You Can Go Home Again, and Maybe You Should
Can You Really Go Home Again?
Posted Mar 01, 2011
In her recent hit recording, "The House that Built Me," country-western performer Miranda Lambert sings, "I know they say you can't go home again; I just had to come back one last time; Ma'am, I know you don't know me from Adam; But these handprints on the front steps are mine."
The song is about a woman visiting a place from childhood, a place she once called home. As the lyrics suggest, returning to see a childhood home is often highly emotional. It also is fairly common. My surveys tell me that roughly one third of all American adults over the age of 30 have made such a trip. These individuals aren't necessarily interested in seeing the people from their past. Rather, they visit the houses, apartments, playgrounds, schools, neighborhoods, parks and other places that once made up the landscape of their childhood.
Over the past few decades, I have interviewed hundreds of people about these trips. Their stories are presented in my recent book, Returning Home: Reconnecting with Our Childhoods (Rowman & Littlefield). Among the unexpected findings to emerge from this work was the depth of emotion many people feel for their childhood home. My research assistants and I soon learned to have a box of tissues handy for the interviews (one in five people cried). Many of the people we interviewed brought photographs of their homes to share with us, much like parents showing off pictures of their children. Some refused the money we promised for their time; they were pleased just to have the opportunity talk about their experience.
Another surprise was the home people selected to visit. Although we develop emotional attachments to places throughout our lifetimes, the vast majority of people who make a trip to see a former home select a place they lived in during their elementary school years (around 5 to 12 years old). This choice makes sense if, as I have argued, we recognize that one's home is a part of personal identity for many people; i.e., an extension of their self. And it is during these early years that children develop a sense of self independent of their families. Homes also are almost always the place where children spend the largest part of their time, as well as the location for many of their most emotional experiences.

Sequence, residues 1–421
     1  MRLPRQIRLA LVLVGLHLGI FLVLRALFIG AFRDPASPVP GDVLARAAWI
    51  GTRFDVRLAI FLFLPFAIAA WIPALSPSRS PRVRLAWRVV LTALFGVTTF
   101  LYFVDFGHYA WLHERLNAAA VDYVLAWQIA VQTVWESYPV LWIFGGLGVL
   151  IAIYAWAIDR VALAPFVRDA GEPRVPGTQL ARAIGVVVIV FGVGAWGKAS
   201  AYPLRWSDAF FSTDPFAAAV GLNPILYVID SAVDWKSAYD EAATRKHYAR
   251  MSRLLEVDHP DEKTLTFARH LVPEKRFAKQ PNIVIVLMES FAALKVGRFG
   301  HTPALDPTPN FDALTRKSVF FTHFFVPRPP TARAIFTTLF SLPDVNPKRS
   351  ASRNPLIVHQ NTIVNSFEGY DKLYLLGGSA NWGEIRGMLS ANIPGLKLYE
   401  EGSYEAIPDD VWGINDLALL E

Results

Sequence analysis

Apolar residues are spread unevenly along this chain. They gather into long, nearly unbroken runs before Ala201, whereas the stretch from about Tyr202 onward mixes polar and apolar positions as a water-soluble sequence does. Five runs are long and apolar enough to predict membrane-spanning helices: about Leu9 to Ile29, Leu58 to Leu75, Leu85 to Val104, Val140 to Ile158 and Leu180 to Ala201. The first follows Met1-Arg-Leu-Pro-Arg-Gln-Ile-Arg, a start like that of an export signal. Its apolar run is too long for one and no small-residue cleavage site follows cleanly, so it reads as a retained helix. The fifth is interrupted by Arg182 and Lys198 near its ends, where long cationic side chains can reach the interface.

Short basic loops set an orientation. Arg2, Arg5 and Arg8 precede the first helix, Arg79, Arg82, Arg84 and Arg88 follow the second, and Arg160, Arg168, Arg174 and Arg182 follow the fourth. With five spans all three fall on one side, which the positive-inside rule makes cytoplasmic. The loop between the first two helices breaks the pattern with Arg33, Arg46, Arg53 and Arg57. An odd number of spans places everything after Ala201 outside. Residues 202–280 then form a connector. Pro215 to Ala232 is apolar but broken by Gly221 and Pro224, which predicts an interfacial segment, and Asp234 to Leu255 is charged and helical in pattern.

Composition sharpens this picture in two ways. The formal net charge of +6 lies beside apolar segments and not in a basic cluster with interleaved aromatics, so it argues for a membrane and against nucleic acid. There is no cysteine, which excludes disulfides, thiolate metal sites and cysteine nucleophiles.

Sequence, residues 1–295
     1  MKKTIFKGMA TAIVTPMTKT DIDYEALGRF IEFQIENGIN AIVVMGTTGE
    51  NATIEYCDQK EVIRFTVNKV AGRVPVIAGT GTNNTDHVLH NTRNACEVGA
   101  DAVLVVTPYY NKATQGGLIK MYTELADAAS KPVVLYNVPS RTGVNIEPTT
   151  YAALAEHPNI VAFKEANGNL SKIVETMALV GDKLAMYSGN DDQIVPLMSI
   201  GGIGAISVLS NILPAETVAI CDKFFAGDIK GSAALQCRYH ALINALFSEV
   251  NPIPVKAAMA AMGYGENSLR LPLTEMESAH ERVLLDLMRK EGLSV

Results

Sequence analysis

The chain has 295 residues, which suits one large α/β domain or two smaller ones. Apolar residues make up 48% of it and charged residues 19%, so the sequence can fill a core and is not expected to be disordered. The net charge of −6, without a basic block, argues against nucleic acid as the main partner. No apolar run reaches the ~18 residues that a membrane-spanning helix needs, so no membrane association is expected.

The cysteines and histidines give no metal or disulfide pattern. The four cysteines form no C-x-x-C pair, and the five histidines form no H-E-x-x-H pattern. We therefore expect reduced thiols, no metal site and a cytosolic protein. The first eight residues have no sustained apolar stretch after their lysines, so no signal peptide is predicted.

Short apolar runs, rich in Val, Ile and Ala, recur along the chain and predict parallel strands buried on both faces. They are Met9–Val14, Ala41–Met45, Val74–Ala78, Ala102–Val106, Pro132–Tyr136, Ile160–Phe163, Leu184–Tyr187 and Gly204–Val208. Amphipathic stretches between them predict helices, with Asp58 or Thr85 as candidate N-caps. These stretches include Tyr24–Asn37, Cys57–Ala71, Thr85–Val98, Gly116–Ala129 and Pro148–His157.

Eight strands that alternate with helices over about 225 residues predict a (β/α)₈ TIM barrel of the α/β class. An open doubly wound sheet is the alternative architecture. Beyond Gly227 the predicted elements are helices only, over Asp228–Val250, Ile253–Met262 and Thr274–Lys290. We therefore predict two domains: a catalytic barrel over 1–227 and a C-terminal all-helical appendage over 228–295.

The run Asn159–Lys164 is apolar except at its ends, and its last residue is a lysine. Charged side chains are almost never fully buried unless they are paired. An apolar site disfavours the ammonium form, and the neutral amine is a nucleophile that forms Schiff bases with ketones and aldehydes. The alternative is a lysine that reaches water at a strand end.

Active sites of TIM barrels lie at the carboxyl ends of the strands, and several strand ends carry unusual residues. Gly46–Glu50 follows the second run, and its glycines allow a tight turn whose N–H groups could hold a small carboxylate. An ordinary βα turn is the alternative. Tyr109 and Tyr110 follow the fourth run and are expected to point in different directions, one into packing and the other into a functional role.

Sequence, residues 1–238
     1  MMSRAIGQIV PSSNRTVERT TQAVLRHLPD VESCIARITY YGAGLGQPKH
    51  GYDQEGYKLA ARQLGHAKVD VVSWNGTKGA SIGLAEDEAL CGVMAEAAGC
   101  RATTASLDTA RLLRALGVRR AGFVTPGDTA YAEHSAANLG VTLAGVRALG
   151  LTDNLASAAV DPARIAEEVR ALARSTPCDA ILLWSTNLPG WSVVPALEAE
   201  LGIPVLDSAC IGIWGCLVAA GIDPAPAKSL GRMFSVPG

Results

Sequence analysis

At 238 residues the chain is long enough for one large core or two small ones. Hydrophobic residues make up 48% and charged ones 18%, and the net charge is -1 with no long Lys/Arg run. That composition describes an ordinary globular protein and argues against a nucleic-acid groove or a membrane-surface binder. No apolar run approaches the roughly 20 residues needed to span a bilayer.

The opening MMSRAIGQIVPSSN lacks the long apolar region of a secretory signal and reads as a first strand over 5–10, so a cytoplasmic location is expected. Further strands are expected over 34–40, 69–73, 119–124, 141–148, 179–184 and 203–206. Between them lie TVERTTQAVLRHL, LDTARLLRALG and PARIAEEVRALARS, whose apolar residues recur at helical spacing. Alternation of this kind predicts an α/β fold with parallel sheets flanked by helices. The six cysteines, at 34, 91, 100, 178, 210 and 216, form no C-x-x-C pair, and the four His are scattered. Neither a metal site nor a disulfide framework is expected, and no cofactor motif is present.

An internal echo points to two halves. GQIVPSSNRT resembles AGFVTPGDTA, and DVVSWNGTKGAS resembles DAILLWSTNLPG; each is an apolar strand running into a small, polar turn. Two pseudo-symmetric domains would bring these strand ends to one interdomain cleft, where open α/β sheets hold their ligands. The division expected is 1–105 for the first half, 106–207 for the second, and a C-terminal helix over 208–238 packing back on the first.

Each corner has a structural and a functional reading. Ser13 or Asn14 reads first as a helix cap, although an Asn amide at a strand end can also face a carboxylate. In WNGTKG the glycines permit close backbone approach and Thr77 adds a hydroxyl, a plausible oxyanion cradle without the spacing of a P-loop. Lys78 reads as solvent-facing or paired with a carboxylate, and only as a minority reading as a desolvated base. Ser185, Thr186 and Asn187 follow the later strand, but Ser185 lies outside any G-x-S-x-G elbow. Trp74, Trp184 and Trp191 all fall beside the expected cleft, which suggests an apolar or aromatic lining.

Why do people make these trips? Although the reasons are varied, I was able to place most of my interviewees into one of three categories. The most common reason people return to a childhood home is to re-establish a psychological link between the child in the black-and-white photographs and the person they are today. Many of the people in this category talked about their childhoods slipping away from them. Others felt it was simply time to renew memories about who they were and where they had come from. The people we placed in the second category used the visit to help them deal with personal issues they were facing at the time. Some were wrestling with relationship problems, financial setbacks, and even trouble with the law. Others said their visits were motivated by a general need to reflect on where their lives were going and to re-evaluate important decisions. Each of these individuals wanted to return to the place where their values were established and where important life lessons were learned. Or, as Miranda Lambert sings, "I thought if I could touch this place or feel it, this brokenness inside me might start healing." People placed in the third category visited a childhood home to take care of unfinished business. Most of these individuals did not have happy childhoods. Some visited homes where they had been victimized. Others went to cemeteries and gave themselves permission to grieve for parents who had died too young. For most of the people in this category, retrieving and facing unpleasant memories was but one step toward addressing issues they had been carrying around for years.
The vast majority of people we interviewed were glad they had made the trip, and many planned to visit or had already visited again. They talked about getting back in touch with important parts of their pasts, obtaining insights about how and why their lives unfolded the way they did, and gaining a valuable perspective with which to make important life decisions. If nothing else, the visits helped to fill gaps in their childhood memories, and nearly everyone took delight in finding a favorite tree, fishing hole, hiding place or some other physical feature from their childhood still intact. Many of our participants used the trip as a form of self-disclosure. About half the people we interviewed brought someone with them, usually a spouse or children, as a way to share something important about themselves.
Not everyone feels emotionally connected to his or her childhood home. About a third of the adults I surveyed reported no interest in visiting places from their past. But most adults have experienced a desire to see a former home, and millions of Americans have made the trip. Perhaps not surprisingly, I am one of them. If you have been thinking about visiting your childhood home, my advice is to just do it. More specific advice on how you can make the most of your trip can be found at my web site: http://www.returninghomebook.com.